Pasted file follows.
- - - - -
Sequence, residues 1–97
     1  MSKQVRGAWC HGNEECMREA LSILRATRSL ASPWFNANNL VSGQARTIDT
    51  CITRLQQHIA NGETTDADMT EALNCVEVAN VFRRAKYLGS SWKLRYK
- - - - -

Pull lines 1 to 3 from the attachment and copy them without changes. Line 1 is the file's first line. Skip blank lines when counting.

Sequence, residues 1–97
     1  MSKQVRGAWC HGNEECMREA LSILRATRSL ASPWFNANNL VSGQARTIDT
    51  CITRLQQHIA NGETTDADMT EALNCVEVAN VFRRAKYLGS SWKLRYK